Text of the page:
The desktop PC is not dead; it's in the midst of a five- to ten-year-long makeover.
So says Microsoft Chief Research and Strategy Officer Craig Mundie, who presented on February 26 to attendees of the Goldman Sachs Tech Investment Symposium.
(At an investor conference, attendees typically look for tips on what a company has in the pipeline for the next few weeks or months. So Mundie's talk, which focused on his mission of looking three to 20 years out, was rather atypical.)
Mundie told symposium attendees that he believes there is a gap between the laptop and the mobile phone that will be fulfilled by any number of application-specific devices, such as e-book readers and educational Tablet PCs.
But there's also a place in the future for desktop PCs, although they won't look anything like the desktop PCs of today, Mundie predicted.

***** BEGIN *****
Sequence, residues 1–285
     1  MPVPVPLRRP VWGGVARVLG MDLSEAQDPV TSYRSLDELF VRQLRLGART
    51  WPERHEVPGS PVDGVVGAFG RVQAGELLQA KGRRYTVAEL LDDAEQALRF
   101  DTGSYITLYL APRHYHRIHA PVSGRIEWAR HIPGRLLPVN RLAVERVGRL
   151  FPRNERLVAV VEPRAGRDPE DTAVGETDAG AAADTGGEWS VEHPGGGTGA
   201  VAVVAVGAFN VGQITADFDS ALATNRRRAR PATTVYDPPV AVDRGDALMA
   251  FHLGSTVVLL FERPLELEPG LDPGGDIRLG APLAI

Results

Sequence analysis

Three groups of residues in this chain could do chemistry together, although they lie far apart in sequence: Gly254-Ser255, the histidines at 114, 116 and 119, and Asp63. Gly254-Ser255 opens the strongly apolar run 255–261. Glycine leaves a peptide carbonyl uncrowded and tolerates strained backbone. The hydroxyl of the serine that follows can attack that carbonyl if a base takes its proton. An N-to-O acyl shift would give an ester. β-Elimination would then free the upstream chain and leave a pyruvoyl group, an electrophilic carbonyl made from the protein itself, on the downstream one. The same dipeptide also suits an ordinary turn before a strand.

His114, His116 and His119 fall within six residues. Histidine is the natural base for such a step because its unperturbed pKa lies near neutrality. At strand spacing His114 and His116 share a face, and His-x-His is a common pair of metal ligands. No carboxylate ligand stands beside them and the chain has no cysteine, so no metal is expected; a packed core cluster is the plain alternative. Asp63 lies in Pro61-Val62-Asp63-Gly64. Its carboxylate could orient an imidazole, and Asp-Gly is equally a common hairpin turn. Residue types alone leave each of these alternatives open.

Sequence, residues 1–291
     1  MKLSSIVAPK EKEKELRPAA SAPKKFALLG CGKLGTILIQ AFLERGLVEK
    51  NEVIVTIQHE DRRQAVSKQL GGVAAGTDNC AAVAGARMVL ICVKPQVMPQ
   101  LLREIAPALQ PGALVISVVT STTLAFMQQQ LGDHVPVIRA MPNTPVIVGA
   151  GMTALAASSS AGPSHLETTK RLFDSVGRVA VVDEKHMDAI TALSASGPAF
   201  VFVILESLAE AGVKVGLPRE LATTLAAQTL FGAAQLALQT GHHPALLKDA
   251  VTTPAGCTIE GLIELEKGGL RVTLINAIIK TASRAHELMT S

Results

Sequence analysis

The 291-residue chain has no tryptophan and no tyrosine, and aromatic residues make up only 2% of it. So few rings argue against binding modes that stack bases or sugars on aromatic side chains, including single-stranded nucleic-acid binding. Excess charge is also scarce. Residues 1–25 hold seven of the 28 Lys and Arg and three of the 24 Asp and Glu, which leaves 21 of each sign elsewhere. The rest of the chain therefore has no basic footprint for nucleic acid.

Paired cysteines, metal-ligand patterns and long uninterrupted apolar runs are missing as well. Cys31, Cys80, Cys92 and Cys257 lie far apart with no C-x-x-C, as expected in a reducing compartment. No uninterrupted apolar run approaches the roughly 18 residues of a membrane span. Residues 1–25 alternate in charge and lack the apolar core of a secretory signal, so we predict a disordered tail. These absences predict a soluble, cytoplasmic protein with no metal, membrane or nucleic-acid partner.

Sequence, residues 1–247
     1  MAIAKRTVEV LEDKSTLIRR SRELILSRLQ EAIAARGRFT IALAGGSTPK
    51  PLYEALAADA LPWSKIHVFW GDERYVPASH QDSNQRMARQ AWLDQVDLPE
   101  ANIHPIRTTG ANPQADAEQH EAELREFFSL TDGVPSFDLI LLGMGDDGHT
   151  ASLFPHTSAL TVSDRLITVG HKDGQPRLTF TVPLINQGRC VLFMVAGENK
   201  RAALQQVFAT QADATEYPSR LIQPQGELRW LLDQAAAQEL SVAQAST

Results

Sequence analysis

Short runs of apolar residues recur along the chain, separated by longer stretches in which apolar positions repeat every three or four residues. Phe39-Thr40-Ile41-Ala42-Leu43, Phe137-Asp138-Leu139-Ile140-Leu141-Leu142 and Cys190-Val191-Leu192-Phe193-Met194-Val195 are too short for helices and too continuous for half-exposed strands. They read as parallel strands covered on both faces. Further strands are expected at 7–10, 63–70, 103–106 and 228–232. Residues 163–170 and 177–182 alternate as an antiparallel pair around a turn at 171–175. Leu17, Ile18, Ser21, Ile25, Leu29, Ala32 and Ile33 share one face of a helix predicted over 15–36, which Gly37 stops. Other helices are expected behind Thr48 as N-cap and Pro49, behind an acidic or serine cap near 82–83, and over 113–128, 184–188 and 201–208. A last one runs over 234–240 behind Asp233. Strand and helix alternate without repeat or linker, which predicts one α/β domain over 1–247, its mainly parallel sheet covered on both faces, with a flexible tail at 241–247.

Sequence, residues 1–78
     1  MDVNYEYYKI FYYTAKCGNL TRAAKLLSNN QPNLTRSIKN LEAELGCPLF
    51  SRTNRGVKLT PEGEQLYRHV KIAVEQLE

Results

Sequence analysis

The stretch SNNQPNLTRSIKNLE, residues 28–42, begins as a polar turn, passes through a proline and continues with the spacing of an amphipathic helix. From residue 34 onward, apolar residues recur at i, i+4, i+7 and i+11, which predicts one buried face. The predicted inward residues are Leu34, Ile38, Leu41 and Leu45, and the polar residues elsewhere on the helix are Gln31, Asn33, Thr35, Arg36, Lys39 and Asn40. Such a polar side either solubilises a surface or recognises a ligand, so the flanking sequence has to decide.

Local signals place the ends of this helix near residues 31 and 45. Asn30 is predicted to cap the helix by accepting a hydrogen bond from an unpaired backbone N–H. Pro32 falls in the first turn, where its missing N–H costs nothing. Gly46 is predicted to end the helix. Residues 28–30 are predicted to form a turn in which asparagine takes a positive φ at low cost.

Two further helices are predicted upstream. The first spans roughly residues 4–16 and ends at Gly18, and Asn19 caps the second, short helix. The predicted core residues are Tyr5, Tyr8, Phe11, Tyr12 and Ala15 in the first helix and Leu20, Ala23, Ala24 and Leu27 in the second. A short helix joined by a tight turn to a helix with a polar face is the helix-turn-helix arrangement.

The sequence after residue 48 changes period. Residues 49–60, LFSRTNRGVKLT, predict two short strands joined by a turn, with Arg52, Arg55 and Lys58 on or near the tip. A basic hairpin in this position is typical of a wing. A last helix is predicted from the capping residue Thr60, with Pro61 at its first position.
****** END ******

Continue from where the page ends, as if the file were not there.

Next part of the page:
This is where future iterations of Microsoft's Surface multi-touch technology will come into play, Mundie said. Microsoft isn't looking at multi-touch as a technology only for tabletops, PCs and cellphones. It expects Surface-like computing systems to find their ways into desks, kitchen counters, and walls, too, over the next five to ten years.
(If you've ever been to Microsoft's Home of the Future exhibit on the Redmond campus, you've seen some of these form factors in mock-up form.)
Mundie said that Microsoft already knows how to make the Surface cheaper. (The first Surface devices, tabletops aimed at the hospitality and retail industries, cost tens of thousands of dollars per unit.) It was unclear from Mundie's remarks whether Windows will be what powers the future Surface devices; Surface 1.0 units are Windows-Vista-based.
"Our view is all surfaces will be Surfaces," Mundie said on Tuesday, during his 45-minute Goldman Sachs presentation.
Mundie joked that Microsoft's "anytime, anywhere and on any device" mission statement needed to be expanded to include "on anything."